Duel of Blood and Sand (1963)
Directed by Sadatsugu Matsuda

Duel of Blood and Sand
Chi to suna no ketto
Starring Ryutaro Otomo (Inaba), Satomi Oka (Nana), Jushiro Konoe (Ichibe), Koji Kiyomura, Choichuro Kawarasaki, Kei Sato, Kamatari Fujiwara, Toyo Takahashi, Masao Mishima, Miyuki Sasa, Hideo Hongo

Toei Company, 91 minutes
B&W, 2.35:1 scope ratio
English-subtitled DVD: Samurai DVD

Since its plot concerns a samurai defending a peasant village against a horde of bandits, Duel of Blood and Sand must inevitably be considered an homage and/or ripoff of Seven Samurai. It's even got Kamatari Fujiwara playing one of the villagers just as he did in the Kurosawa classic. But this movie is surely one of the best variations on the theme and deserves consideration on its own merits beyond being derivative. Sadatsugu Matsuda deepens his story with a provocative, original plot twist: what would happen if immoral samurai chose to help the bandits instead of the farmers?

Ryutaro Otomo stars as Yajuro Inaba, a samurai who has just left his clan because of his lord's corrupt practices. Inaba happens upon a village where bandit is tormenting a woman with intent to rape her. After Inaba kills the assailant, the villagers shun him in horror instead of thanking him. The reviled town prositute, Nana, explains to Inaba that they fear the retribution that will befall them when the bandits find that one of their number has been killed. Inaba confronts the village over their cowardice and exhorts them to fight instead of letting the thugs steal their harvests and assault their women. After much debate, the peasants half-heartedly agree to let Inaba train them in defense.

Meanwhile, Inaba's former lord sends four men to track him down and kill him, led by Inaba's old friend Ichibei. At first they think he'll be easy pickings holed up in the village, but Inaba's canny strategies allow him to keep slipping from their grasp, and all the villagers defending him make things that much more difficult. When they learn the arrangement between Inaba and the village, Ichibei's men threaten to join forces with the bandits in their attack if the farmers continue to aid and abet the fugitive.

In private, Ichibei and his men reflect on this being an empty threat to scare the villagers into cooperating, since it would be entirely dishonorable for samurai like them to collude with bandits. They serve only their master, and it would violate their bushido code to fight alongside common criminals. But Inaba is smart enough to predict that his pursuers won't hold firm to their righteous ideals. In the heat of battle when the going gets tough, Ichibei and his cohorts compromise their samurai honor and offer to form an alliance with the bandits. In an amazingly clever plot twist that I would love to spoil for you but won't, Inaba has taken steps to assure that their hypocrisy will assure their downfall. It's really one of the most awesome conflict resolutions I've ever seen in a samurai film.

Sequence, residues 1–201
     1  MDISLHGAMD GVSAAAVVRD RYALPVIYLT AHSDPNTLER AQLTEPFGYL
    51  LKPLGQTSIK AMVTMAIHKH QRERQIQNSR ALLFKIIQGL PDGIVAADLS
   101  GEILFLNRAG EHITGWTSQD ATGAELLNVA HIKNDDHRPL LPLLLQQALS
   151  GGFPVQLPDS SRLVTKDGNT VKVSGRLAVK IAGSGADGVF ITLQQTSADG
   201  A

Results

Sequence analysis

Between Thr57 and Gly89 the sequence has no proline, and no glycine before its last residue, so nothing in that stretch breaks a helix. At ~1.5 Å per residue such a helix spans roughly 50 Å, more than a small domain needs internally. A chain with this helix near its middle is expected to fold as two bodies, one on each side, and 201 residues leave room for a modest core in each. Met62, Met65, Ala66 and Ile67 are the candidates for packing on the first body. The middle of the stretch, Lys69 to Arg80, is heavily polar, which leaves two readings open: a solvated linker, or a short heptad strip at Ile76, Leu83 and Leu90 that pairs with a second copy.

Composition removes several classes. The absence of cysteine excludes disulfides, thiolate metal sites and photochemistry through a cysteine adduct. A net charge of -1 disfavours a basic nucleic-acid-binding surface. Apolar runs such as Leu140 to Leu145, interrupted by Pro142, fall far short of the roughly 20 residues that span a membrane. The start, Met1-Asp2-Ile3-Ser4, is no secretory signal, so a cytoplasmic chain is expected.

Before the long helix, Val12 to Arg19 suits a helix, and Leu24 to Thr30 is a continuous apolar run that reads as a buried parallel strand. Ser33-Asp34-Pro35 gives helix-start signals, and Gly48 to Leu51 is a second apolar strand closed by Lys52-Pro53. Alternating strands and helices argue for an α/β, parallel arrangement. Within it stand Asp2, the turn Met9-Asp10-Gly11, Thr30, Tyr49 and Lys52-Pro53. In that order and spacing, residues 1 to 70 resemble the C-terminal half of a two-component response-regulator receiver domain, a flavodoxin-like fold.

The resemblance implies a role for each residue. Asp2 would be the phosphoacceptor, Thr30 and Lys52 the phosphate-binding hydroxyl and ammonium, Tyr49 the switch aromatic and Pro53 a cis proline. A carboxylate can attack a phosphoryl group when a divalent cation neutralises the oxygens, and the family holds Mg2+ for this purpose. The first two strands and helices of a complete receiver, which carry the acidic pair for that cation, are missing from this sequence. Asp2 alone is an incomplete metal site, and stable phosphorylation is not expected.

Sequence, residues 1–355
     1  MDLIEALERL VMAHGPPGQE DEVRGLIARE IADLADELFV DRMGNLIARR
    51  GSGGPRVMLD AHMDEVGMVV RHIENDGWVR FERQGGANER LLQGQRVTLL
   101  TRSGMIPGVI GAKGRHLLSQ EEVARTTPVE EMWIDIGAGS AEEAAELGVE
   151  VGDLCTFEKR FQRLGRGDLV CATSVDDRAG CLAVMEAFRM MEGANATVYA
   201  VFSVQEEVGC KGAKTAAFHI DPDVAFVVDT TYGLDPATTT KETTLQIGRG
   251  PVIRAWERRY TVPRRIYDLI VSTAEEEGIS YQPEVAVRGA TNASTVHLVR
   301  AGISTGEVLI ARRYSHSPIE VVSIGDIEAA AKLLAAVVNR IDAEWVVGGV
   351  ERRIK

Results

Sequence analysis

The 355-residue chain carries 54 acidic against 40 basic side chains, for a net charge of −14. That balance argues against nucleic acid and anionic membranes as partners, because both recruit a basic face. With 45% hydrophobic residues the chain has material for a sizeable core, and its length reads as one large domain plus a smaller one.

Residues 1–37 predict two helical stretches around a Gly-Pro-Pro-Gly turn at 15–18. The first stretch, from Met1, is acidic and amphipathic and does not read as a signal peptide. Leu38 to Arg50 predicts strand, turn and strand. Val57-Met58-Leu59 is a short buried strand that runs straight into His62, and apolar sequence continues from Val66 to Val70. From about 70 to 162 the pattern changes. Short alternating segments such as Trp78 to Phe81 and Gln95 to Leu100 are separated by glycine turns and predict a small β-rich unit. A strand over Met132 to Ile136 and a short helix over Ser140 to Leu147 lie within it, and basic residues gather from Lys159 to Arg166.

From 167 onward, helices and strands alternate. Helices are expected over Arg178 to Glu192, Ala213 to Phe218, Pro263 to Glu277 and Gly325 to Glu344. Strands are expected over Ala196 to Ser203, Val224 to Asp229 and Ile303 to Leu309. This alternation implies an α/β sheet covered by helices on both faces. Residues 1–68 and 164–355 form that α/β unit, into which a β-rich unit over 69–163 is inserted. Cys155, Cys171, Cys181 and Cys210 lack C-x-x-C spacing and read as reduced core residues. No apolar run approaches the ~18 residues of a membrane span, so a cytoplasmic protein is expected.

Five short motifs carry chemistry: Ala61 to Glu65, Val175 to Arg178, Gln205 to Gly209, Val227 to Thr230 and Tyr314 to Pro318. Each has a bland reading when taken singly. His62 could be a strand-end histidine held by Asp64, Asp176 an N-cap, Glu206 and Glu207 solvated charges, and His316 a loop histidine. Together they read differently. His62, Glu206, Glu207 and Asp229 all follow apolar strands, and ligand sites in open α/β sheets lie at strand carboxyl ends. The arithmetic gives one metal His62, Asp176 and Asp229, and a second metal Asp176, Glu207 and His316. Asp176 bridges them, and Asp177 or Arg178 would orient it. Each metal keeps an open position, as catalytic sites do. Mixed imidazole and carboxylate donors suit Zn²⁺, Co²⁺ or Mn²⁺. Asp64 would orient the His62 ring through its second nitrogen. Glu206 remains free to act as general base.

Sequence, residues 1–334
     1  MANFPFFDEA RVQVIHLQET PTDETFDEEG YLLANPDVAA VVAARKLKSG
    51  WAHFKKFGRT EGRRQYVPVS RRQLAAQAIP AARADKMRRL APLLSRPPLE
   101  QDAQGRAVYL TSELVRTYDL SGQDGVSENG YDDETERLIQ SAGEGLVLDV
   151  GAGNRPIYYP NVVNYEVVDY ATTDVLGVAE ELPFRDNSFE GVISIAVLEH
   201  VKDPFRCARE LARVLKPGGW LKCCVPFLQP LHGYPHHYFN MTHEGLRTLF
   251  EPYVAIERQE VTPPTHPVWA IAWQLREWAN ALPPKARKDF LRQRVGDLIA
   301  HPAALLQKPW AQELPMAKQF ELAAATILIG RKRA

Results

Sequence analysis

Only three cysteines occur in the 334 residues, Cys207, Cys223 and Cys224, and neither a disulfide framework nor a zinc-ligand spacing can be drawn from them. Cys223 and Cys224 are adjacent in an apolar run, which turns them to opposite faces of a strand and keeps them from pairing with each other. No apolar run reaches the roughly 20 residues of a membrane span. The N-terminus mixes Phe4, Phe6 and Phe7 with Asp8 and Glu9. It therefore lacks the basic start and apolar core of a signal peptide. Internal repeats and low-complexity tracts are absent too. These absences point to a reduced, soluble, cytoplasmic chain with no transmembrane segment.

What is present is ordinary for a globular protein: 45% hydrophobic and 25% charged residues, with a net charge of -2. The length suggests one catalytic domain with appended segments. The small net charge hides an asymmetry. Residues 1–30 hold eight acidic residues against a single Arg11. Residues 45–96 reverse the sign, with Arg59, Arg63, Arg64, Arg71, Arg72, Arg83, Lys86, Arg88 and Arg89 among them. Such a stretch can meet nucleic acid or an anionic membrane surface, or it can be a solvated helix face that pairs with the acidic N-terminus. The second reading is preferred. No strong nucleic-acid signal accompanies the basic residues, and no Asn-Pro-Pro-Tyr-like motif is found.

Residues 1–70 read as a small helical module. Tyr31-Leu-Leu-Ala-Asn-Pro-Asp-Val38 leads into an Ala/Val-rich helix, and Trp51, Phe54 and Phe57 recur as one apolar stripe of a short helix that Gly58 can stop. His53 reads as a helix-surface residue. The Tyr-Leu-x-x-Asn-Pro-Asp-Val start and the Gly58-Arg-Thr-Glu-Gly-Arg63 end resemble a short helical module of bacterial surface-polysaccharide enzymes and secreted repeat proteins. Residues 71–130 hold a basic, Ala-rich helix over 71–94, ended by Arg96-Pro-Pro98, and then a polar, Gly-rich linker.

Duel of Blood and Sand is an unknown minor masterpiece and the best film I've yet seen by Sadatsugu Matsuda. It's one of his final works and has an uncharacteristic look and feel compared to his earlier movies, which tend to be more like conservative studio products. This is more of a freewheeling artistic production with the outlaw tone of a Hideo Gosha film, as if Matsuda was feeling his oats as an old master aiming to do his own thing before settling into retirement. Ryutaro Otomo rises to the occasion in one of his most fiery performances, and beautiful Satomi Oka as the bold and sassy Nana goes far beyond the meek and anonymous pretty girls I've seen her play in earlier films. I also have to give special mention to the kick-ass spaghetti western style soundtrack that makes extended use of a twwaannnngg sound effect that sounds like the opening of the Looney Tunes theme. This is a treasure worth seeking out.

The Jidai-Geki Knights
Cinema